But instead it’s on a ridiculous quest to become some hybrid of the original Sun Belt conference (which went from Moscow, Idaho, to Las Cruces, New Mexico, to Murfreesboro, Tennessee, to Miami) and the 16-team WAC (Hawaii to Wyoming to Fort Worth, Texas). Hopefully, it will be a similarly temporary arrangement. Maybe the Big West can become more of an FBS conference again and they can draw the line of separation at the Mississippi River at least. Or perhaps several members can be the football WAC and perhaps in other conferences in other sports. It does not seem the current WAC will have enough teams for football in 2013.

I wonder if the BCS could have avoided some of this by kicking the Big East sooner and replacing it with the Mountain West. At least the MWC would have stayed together longer.

I’m unclear on why the MAC decided it needed 13 teams and replaced Temple with UMass. I fail to see how 13 is convenient, fair, or logical. Perhaps Youngstown St. can become an FBS team and they can make it an even 14. That’s another thing I wonder. We have 4 new FBS teams this season; will the new and upcoming conference shifts result in increased pressure from FBS conferences to tempt the FCS members?

Week 12 Top 25 and Commentary

In College Football, Rankings, Rankings Commentary on November 20, 2011 at 6:28 PM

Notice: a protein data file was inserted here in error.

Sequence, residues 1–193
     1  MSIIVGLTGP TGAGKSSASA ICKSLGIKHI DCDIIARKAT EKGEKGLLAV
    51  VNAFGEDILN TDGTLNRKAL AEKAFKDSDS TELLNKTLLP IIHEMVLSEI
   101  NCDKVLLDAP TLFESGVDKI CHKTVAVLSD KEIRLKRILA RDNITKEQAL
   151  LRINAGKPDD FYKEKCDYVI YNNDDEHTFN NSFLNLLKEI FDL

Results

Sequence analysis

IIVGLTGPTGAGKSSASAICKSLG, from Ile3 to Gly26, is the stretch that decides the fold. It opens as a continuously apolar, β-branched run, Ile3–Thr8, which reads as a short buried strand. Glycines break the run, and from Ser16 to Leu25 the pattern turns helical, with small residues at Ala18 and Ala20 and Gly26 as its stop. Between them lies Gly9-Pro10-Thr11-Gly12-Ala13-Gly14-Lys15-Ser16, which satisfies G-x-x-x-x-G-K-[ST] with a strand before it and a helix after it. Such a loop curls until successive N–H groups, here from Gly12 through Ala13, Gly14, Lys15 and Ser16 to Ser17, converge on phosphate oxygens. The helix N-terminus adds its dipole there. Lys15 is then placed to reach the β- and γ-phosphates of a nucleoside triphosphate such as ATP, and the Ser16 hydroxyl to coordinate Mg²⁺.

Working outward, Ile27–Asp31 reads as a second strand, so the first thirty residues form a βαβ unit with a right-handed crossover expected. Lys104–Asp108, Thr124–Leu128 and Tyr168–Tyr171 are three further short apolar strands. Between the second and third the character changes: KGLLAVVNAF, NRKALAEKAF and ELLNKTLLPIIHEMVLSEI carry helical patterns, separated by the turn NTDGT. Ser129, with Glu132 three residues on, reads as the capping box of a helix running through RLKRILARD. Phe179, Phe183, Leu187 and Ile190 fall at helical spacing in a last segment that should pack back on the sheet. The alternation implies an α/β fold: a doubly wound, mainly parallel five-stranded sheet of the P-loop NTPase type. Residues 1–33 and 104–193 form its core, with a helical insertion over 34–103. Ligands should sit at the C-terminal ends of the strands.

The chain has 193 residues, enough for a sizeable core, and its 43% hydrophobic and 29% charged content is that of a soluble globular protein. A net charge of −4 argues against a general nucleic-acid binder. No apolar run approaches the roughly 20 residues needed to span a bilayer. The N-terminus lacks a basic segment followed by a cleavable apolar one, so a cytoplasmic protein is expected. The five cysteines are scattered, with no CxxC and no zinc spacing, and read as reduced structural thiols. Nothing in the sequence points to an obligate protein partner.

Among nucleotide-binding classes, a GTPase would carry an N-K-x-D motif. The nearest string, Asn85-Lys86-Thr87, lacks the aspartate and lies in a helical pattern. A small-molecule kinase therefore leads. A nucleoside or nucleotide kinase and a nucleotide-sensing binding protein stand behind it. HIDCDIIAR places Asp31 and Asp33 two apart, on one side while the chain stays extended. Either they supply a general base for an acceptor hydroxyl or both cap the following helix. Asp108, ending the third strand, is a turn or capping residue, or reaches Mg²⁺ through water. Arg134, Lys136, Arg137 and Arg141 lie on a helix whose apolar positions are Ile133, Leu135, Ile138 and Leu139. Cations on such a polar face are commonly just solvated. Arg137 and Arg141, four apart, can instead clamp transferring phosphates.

My ratings didn’t join the SEC trifecta trend. By the way, I added another proposal to my SEC realignment blog. It wouldn’t help out the balance of power though. I also updated my LSU-Ole Miss Rivalry blog.

Alabama should surpass Oklahoma St. next week if they beat Auburn. But if the Tide is idle the following week and the Cowboys defeat the Sooners, Oklahoma St. would resume its #2 spot. Remember that late losses are penalized in the polls but not here. As to #3, Texas A&M isn’t as good as Penn St. is, so that’s one reason Arkansas is a bit behind Alabama. Also, of course, Arkansas’s loss to Alabama hurts it more than Alabama’s loss to LSU hurts the Tide. Alabama also gets credit for a high-quality win over Arkansas.

Another conceptual difference from the polls is you aren’t penalized by losing spots but by losing points. Oklahoma St. did lose about .12 for losing to Iowa St., but since there was a big gap and Alabama only played Georgia Southern, that wasn’t enough to move ahead. Oklahoma, who also might have had a chance to move ahead, lost. Next after Oklahoma was Oregon, who also lost. It’s not at all a typical result to lose to an un-ranked team and stay #2, but this wasn’t a typical weekend.